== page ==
The Accidental Donkeys of Le Plessis-Robinson

I have been researching the curious tale of the *chutes des ânes* during the Belle Epoque in the early years of the twentieth century, in Le Plessis-Robinson, a Paris suburb. It is a remarkable story and this is a very appropriate day of the calendar to celebrate it.

As a donkey keeper and retired Geography teacher, I spend many hours researching cultural traditions around the world involving donkeys. Friends find this curious but I tell them it keeps me mentally alert and gives me something to talk about at dinner parties – although I have not been invited to a dinner party for quite a long time now – and I have not found any history more strange than the accident-prone donkey riders of Le Plessis-Robinson, circa 1900-1914.

A ‘plessis’ is a village enclosed by a fence made of twigs. ‘Robinson’ was added to the name due to the tree-house wine bars in the main street: ‘Robinson’ from the tree-house in The Swiss Family Robinson which was a popular book of the period. These wine bars or ‘guinguettes’ in the main street – the Promenade à Robinson – were a series of interconnected drinking houses built in the trees. On a clear day, the tree-house wine bars of this suburb to the south west of Paris could be seen from the Eiffel Tower and many day trippers travelled there on a Sunday because the alcohol tax was lower in the suburbs.

Citizens in Promenade à Robinson riding home after drinking in the tree-house wine bars. See example of a tree-house *guinguette* in the top right of picture.

In 1900 the Belle Epoque in central Paris was famous for new art movements, but Le Plessis-Robinson became famous for the tradition of postcards showing the *chutes des ânes* or falls from donkeys. Everyone in France became familiar with these postcards, popular with day trippers who sent them to friends and relatives; but few observers knew exactly how this tradition began. Even the eminent psychoanalyst Carl Jung visited Le Plessis-Robinson while researching for Volume 9 (Part 1) of his Collected Works, but he dismissed the phenomenon as “group hysteria originating in a misinterpreted archetype of the collective unconscious.” He was unsuccessfully sued for slander by the Town Council.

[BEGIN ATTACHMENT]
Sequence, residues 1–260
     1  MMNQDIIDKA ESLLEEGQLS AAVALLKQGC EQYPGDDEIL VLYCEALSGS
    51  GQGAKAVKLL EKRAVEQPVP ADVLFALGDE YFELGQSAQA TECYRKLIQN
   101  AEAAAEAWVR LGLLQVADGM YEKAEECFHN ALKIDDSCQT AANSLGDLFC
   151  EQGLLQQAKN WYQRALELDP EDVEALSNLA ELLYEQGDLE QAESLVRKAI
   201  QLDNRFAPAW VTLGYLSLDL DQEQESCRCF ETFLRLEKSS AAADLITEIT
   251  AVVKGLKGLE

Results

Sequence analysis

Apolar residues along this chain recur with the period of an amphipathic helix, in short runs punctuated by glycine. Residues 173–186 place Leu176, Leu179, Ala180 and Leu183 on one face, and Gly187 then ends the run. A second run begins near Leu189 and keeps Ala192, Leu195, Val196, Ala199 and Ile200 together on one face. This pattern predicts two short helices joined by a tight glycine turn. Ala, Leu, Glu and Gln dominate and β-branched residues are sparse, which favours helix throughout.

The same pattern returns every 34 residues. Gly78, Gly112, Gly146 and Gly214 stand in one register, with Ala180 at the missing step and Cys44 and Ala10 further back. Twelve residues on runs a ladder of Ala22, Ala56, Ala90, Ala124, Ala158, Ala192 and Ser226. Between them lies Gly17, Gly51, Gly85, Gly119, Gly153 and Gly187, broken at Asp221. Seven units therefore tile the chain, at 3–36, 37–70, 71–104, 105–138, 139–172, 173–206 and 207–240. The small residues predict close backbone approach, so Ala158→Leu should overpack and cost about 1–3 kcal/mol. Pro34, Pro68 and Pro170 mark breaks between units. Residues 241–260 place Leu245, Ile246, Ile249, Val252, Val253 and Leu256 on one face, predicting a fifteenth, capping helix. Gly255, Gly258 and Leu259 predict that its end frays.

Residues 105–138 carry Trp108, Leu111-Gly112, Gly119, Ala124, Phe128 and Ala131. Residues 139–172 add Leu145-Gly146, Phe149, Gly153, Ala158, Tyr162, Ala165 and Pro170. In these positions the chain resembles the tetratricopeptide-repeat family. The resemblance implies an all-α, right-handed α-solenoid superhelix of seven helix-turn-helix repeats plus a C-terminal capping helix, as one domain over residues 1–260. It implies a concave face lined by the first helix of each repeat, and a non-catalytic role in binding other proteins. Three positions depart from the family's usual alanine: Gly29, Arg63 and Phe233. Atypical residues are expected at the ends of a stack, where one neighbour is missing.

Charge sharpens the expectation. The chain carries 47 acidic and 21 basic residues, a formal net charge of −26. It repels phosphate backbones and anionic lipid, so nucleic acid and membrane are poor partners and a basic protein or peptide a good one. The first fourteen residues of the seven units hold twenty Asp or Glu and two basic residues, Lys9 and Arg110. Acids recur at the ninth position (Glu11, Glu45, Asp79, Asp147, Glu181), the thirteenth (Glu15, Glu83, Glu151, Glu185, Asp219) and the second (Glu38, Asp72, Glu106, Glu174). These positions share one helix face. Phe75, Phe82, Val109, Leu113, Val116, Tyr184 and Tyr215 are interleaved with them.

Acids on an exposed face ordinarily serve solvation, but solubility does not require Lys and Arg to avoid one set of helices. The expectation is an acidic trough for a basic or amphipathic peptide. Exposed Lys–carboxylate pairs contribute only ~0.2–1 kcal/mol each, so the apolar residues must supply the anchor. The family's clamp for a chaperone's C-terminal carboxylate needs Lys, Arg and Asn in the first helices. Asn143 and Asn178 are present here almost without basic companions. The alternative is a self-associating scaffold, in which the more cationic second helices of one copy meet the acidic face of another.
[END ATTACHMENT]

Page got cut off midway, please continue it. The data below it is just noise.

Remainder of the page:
“Group hysteria caused by a misinterpreted archetype”: the verdict of psychoanalyst Carl Jung

In fact my research shows that the *chutes des ânes* can be explained by three main factors:

  1. Lower alcohol taxes in the suburbs meant cheap wine was available, but the exit from the tree-houses was hazardous;
  2. Drinkers rode home on donkeys along the Promenade à Robinson and mishaps were frequent;
  3. Finally, lightweight portable cameras meant falling off donkeys became a suitable subject for street photographers.

Due to the slow shutter speeds on cameras of the period, the only way to successfully capture the image of a rider falling from a donkey was to stage the scene and ask everyone to remain still. Riders and photographers spent hours contriving artistic poses and everyone had to keep still, including bystanders; so the citizens spent many hours motionless in the main street. As these postcards from Le Plessis-Robinson gained popularity, the Town Council began to monopolise the market and regulate the kind of poses that were allowed in *chutes des ânes* postcards. In many we see a Town Hall referee raising his arms to declare a particular pose null and void. Arguments about censorship led to one mayor of Le Plessis-Robinson being charged with autocratic excesses in 1906 and replaced – in a highly charged municipal election – by a mayor who then allowed women to fall off donkeys for the first time! This was a victory for emancipation but also led to greater variety of fashion in the donkey-falling postcards.